Project will do ‘wonderful things’ for W-S

Project will do ‘wonderful things’ for W-S
August 06
00:00 2015

In above photo: Vivian Reed presents insights into “An Evening with Vivian Reed” at a press conference on Tuesday, Aug. 4, as part of NBTF (Photo by Tori P. Haynesworth)

By Tori P. Haynesworth

For The Chronicle

At a press conference on Aug. 4 at the Marriott on West Fifth Street downtown, the big news about the National Black Theatre Hall of Fame and Museum was announced.

In finally achieving the goal of making it happen, Sylvia Sprinkle-Hamlin, along with other key officials, have brought the late Larry Leon Hamlin’s dream to a reality.

Nigel Alston, NBTF fundraising co-chair, gave a brief history lesson about Mr. Hamlin’s draft of having a museum of the arts in 1999.

“This preview [museum] is just a little insight into this big vision,” said Alston.

He went on to further talk about him and Frank Elliot discussing the beginning stages of creating that museum.

“The hall of fame is going to do wonderful things for Winston-Salem and our community as a whole,” said Elliot, who works for the city of Winston-Salem. “It’s going go boost our downtown, it’s going to boost our economy and it’s going to encourage more downtown development.”

Elliot further explained the visionary future of how the museum will attract national media attention, as well as being an inspiration to future generations to pave their way into theatre.

Jim Sparrow, member of Arts Council of Winston-Salem, expressed encouragement of how the museum and the NBTF is just the first steps of gaining more attraction to the city itself.

“The leaders before myself and others who are sitting up here thought big,” said Sparrow. “You heard Larry’s vision, you’re going to hear a lot in the next year about a lot of other visionary people who are thinking about what Winston-Salem could be.”

Lindsey Bierman, chancellor of University of North Carolina School of the Arts, gave the NBTF appraisal of fulfilling performing arts and theater.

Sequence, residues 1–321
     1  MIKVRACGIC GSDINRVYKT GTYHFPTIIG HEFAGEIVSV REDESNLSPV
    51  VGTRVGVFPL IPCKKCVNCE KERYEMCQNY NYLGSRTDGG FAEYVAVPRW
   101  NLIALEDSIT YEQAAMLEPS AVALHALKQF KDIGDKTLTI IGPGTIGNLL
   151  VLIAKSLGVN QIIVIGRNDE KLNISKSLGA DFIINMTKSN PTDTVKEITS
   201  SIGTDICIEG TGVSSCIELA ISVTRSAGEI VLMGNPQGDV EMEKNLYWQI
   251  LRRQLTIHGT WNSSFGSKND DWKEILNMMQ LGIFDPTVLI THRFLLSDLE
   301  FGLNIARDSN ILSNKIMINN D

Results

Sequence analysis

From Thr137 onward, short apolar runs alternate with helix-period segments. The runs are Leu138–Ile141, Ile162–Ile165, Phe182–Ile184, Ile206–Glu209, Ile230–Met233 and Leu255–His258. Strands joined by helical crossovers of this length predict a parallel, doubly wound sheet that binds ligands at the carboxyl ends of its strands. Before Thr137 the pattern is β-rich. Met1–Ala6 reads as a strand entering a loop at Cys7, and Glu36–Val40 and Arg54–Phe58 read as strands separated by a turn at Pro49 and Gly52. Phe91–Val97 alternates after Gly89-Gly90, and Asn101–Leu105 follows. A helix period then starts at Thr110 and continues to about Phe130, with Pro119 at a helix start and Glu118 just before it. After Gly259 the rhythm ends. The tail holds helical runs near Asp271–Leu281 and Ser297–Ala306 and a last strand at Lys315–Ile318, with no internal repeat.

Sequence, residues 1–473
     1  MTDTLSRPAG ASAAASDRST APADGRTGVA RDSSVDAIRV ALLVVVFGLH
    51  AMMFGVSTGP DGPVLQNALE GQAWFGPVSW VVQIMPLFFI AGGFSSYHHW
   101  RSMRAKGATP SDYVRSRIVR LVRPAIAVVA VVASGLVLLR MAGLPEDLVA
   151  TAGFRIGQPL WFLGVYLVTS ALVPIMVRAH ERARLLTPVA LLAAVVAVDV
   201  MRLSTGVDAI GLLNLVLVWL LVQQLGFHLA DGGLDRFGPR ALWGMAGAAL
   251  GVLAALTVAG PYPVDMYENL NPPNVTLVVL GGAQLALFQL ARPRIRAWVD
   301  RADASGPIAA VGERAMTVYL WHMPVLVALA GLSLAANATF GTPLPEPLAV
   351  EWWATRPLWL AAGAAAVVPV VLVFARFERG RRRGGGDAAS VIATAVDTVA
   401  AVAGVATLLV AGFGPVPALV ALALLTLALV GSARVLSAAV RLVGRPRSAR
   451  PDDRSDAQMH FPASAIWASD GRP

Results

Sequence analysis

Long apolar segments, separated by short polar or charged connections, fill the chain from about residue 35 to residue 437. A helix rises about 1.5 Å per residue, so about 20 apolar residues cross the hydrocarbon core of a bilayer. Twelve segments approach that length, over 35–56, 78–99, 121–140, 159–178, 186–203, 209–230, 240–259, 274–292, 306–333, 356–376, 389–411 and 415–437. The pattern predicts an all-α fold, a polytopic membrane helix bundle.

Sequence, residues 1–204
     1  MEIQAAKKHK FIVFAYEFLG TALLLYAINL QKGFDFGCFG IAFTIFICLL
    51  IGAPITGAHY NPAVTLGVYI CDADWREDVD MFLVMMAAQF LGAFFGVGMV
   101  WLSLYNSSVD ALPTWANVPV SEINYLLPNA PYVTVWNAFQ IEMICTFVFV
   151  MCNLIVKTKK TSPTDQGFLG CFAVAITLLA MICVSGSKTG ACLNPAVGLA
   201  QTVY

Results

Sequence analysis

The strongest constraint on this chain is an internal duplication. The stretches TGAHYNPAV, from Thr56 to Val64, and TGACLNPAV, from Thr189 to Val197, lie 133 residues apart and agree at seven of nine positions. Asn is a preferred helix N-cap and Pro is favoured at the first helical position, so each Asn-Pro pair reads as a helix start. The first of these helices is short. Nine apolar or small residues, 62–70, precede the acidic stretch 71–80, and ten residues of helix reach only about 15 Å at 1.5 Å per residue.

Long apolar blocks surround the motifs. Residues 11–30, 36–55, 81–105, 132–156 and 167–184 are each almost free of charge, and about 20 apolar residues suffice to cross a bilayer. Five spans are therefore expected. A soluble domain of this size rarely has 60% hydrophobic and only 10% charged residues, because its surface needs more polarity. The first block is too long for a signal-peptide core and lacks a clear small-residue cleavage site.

“We are all key players, in creating the vibrant, Marvtastic cultural scene here in the city of arts and innovation here,” said Bierman.

Bierman stated the Americans for the Arts estimated that in 2012, the Arts and Culture industry collected more than a $112 million in household income, more than $5 million in local government revenue and $8 million in state government revenue.

The UNCSA has been partnered with the N.C. Black Repertory Company for 26 years in making the NBTF to where it stands today.

Bierman campaigned the UNSCA to expand further economic development.

During the rest of the press conference, directors, actors and actresses gave further promotions of their shows during the week.

Sandra McClain will be playing Barbara Jordan in “Barbara Jordan: A Rendezvous with Destiny” as she spoke about how honored she is to play Jordan continuously at the festival.

Vivian Reed presented “An Evening with Vivian Reed,” where she will reveal powerful vocals and speak of people who have made an influence on her career.

Director Woodie King promoted his production of “Accept ‘Except’ LGBT NY,” and Director Jackie Taylor showcased her skills for the show of “AT LAST: A Tribute to Etta James”.

Helena Lewis, award-winning actress, poet, playwright and director of the Midnight Poetry Jam, promoted the event while having two poets give a taste of what’s in store.

The New Winston Museum (which houses the National Black Theatre Hall of Fame and Museum) is at 723 S. Marshall St.

The hours are Monday through Friday, noon to 5 p.m., and Saturdays from 10 a.m. to 2 p.m.

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